Stene v. Hillgren

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98 N.W.2d 156 (1959)

E. O. STENE, Plaintiff and Respondent, v. Ralph O. HILLGREN, Defendant and Appellant.

No. 9752-a.

Supreme Court of South Dakota.

September 3, 1959.

James O. Berdahl, Sioux Falls, for defendant and appellant.

Gene E. Pruitt, Sioux Falls, for plaintiff and respondent.

HANSON, Presiding Judge.

Plaintiff seeks both compensatory and punitive damages in this action for an alleged malicious assault and battery. The action has been twice tried to a jury and is here for the second time on appeal. On the first trial the jury awarded plaintiff a verdict in the amount of $938. This verdict was vacated by the trial court and a new trial granted upon the ground of excessive damages appearing to have been given under the influence of passion or prejudice. We affirmed on appeal by plaintiff. See Stene v. Hillgren, S.D., 88 N.W. *157 2d 109. A second trial followed in which the jury awarded plaintiff a verdict for compensatory damages in the amount of $50 and punitive damages in the amount of $750. Defendant moved for a new trial alleging, (1) misconduct of the jury in arriving at a quotient verdict, and (2) an excessive verdict, particularly as to punitive damages, appearing to have been given under the influence of passion or prejudice. The motion for a new trial was denied and defendant appeals from that order and from the judgment.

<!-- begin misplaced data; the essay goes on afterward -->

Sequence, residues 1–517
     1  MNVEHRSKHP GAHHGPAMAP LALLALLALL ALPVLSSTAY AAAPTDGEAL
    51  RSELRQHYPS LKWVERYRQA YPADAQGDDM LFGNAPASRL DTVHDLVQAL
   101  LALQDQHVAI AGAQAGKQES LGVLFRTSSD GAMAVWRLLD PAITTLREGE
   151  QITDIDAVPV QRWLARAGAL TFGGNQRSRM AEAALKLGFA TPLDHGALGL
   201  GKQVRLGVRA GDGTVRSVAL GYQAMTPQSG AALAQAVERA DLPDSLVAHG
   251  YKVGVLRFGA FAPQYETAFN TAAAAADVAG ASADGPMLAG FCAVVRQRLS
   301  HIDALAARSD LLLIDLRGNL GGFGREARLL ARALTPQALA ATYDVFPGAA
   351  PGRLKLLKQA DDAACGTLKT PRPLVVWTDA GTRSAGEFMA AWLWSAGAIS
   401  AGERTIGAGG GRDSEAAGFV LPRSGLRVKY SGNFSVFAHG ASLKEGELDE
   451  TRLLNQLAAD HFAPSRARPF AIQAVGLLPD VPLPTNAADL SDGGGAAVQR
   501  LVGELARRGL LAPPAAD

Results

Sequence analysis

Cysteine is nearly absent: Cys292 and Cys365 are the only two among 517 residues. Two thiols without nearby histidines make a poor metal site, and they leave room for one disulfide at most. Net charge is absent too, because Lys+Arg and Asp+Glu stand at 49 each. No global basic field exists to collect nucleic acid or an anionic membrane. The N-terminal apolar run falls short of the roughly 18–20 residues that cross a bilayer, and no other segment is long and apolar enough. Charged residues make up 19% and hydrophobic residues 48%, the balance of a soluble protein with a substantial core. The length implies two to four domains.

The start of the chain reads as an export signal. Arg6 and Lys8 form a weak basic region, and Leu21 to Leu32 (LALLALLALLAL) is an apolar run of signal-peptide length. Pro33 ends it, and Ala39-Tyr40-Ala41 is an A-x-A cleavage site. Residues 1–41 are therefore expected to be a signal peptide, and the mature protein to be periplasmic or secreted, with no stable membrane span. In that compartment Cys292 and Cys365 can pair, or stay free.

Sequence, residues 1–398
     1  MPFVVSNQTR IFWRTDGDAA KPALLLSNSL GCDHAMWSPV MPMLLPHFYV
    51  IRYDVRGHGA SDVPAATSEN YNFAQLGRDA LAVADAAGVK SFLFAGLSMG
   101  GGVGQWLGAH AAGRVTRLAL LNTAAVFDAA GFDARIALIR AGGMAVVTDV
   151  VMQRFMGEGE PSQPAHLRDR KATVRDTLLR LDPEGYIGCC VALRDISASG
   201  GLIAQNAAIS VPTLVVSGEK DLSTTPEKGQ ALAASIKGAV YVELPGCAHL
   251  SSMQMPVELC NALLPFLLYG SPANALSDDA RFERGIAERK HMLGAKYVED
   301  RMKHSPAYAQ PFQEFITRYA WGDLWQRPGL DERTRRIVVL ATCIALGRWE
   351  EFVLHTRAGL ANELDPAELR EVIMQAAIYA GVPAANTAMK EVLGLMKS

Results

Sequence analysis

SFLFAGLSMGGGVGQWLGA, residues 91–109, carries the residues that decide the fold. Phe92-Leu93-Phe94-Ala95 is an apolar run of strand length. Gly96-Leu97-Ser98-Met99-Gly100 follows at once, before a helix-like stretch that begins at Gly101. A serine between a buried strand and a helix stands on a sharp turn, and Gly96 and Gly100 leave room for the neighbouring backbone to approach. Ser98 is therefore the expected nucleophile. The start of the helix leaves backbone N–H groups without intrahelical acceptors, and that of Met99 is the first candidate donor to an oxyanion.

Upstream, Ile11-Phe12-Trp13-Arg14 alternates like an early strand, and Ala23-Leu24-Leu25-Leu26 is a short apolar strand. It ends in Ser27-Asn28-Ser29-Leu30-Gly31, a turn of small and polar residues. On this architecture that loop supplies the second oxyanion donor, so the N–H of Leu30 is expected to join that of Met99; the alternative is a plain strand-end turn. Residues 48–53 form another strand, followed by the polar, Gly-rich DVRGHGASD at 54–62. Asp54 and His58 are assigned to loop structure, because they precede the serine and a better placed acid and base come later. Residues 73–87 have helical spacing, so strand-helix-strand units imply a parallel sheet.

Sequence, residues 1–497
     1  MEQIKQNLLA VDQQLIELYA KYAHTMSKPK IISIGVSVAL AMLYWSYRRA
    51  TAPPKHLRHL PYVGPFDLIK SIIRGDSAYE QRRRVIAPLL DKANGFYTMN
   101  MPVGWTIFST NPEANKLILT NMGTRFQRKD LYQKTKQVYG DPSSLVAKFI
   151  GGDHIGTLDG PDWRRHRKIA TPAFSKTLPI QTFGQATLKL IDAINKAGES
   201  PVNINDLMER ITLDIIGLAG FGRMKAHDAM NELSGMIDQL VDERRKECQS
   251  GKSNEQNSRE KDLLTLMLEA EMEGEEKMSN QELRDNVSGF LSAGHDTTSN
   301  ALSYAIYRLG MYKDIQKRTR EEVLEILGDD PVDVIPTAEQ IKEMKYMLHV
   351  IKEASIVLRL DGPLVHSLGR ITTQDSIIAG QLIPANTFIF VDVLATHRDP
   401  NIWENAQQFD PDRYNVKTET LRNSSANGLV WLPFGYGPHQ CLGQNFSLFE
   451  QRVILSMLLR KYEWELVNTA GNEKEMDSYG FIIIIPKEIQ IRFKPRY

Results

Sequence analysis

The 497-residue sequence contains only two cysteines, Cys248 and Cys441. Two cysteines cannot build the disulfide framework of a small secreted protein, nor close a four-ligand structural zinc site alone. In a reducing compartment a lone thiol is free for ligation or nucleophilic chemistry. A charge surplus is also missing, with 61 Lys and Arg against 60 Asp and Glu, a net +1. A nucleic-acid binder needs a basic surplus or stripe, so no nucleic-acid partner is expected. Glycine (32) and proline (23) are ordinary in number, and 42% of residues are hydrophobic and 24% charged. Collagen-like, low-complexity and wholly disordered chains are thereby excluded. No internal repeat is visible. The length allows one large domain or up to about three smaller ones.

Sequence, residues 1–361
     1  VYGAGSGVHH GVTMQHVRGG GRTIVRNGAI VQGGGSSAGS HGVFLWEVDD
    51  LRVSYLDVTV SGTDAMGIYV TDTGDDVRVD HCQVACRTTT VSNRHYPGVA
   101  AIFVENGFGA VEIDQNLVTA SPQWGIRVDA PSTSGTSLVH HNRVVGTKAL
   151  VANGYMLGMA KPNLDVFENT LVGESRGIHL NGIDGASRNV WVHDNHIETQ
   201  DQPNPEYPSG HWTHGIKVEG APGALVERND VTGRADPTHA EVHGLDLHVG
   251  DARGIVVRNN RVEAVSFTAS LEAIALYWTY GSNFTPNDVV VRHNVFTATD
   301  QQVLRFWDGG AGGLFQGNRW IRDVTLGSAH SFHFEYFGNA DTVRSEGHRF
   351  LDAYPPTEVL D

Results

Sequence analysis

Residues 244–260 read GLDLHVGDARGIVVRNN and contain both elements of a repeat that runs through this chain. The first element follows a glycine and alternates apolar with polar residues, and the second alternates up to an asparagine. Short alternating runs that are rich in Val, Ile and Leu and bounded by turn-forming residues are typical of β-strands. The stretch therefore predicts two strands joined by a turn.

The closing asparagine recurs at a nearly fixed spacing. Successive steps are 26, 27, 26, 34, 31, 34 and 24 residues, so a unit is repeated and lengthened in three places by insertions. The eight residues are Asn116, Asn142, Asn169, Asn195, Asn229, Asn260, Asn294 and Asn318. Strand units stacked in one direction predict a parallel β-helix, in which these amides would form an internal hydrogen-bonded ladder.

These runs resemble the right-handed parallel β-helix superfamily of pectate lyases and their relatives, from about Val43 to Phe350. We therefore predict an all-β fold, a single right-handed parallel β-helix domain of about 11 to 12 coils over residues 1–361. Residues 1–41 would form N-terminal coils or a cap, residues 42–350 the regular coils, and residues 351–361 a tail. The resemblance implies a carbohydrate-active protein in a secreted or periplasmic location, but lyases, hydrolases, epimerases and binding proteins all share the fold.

Viewing the evidence in the light most favorable to the plaintiff, as we are obligated to do, it appears the assault took place at a New Year's Eve party held in the Nordic Hall at Sioux Falls. The Nordic Hall is a one-story building with a full basement owned by an association or corporation. It was erected for cultural purposes as a memorial to pioneers of Scandinavian ancestry. The defendant, Ralph O. Hillgren, was employed as part-time manager and custodian. His duties primarily concerned the basement which contained meeting rooms, a banquet hall, and kitchen. The main floor was leased for business offices.

Before Hillgren became manager of the Nordic Hall the Norse Glee Club had been given exclusive use of the basement on Monday evenings for their rehearsals, meetings, and social gatherings. The plaintiff, E. O. Stene, was a member of this singing group and, as such, was given a key to the building.

In 1955 the Norse Glee Club leased the Hall to Mr. McCroskey, owner of a nearby bar, for a private party. In November 1956 the Glee Club again authorized McCroskey to use the Hall for a New Year's party on Monday evening December 31, 1956.

Mr. Hillgren learned of the McCroskey party the afternoon of December 31st. He immediately contacted the President and the Secretary-Treasurer of the Nordic Hall Association. Both officers advised him, in effect, to let the party go on and not to worry about it. Instead, Hillgren went to the police station about 6:00 o'clock in the afternoon and sought aid. The police refused to help.